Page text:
The White House could be on the hook for a violation of Title 18 of the U.S. Criminal Code, Section 211, which covers "bribery, graft, and conflicts of interest." Specifically, the statute imposes a fine and/or possible imprisonment on anyone who "solicits or receives ... any money or thing of value in consideration of the promise of support or use of influence in obtaining for any person any appointive office or place under the United States." Making an offer to Congressman Sestak (“a thing of value”) if he would not run against Senator Specter in the Democratic primary (“any appointive office”) would certainly seem to meet the criteria.
Representative Sestak, by not reporting this, is either woefully ignorant of the law, is not concerned with ethics in federal government or is intentionally withholding knowledge of any improper offer and thus might be guilty of misprision by not reporting the knowledge of a possible felony to the proper authorities.
What was that about Core Values?
The White House, when asked about Sestak’s claims, first went into Ignorance Mode with Spokesman Robert Gibbs saying he had “…not looked into it.” Later, after weeks of filibustering in the White House Press Room, Gibbs closed the issue with a comment that he had talked to people in the White House who had talked to others and was told there were no problems. Not exactly a reassuring endorsement of any absence of malfeasance in this administration and congress.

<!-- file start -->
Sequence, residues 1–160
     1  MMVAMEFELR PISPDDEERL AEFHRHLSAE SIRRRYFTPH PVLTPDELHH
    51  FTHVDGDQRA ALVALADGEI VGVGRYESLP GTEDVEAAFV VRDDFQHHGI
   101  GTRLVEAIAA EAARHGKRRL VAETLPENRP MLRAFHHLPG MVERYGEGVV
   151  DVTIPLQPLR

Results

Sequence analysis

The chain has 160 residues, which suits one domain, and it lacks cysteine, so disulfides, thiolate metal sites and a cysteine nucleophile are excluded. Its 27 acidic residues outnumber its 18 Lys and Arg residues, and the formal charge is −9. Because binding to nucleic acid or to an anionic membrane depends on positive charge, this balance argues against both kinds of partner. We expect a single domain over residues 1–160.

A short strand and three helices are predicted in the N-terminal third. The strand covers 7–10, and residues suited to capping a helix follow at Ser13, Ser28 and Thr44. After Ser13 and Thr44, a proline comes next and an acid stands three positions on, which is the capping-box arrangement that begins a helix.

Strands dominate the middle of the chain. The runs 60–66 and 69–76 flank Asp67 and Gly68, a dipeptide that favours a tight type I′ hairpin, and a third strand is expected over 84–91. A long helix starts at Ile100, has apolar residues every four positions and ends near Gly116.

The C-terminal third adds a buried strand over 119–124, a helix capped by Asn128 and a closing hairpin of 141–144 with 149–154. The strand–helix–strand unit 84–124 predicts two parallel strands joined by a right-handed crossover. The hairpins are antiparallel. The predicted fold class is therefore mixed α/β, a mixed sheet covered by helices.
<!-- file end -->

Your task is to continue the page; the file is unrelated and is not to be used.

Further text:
Is there any difference between former Illinois Governor Rod Blagojevich offering up former Senator Obama’s senate seat to the highest bidder and the Obama administration offering up a plum federal position to a congressman for not running for a senate seat? If there is it appears to be nothing more than a matter of semantics.
The former Vice-Admiral and now Congressman Sestak’s 30-plus year Navy career notwithstanding, there doesn’t appear to be much in the way of “Core Values” at work here. When Rep. Sestak said that going any further “doesn’t serve any purpose”, one might gasp at the hubris of the statement. How about it may serve the rule of law? How about serving your constituents with honor? With courage? With commitment? With integrity?
Those same core values that apply to the newest sailor or airman or soldier or marine should apply, as well, to those elected officials who are charged with representing us at any and all levels of government – municipal, state or federal, especially at the very top of the political pyramid.
Core values - concepts like honor, courage, commitment and integrity - are not throw-away lines to be used only when necessary and discarded when they become inconvenient or a hindrance to one’s ambitions or goals. They are, as we opened up this discussion with, qualities of character and statements of principle that we should all embrace and live by.
Any possible legal ramifications aside, the first problem is someone is not telling the truth here - the White House said they did nothing wrong in talking to Rep. Sestak and Rep. Sestak intimated the White House broke the law. For a president with historically low approval ratings early in his administration- and a congress with even lower approval ratings – trying to ignore this and hope it goes away may be the endgame they want to achieve. The rest of the country, however, would most likely prefer both branches of government take a refresher course in “Core Values”.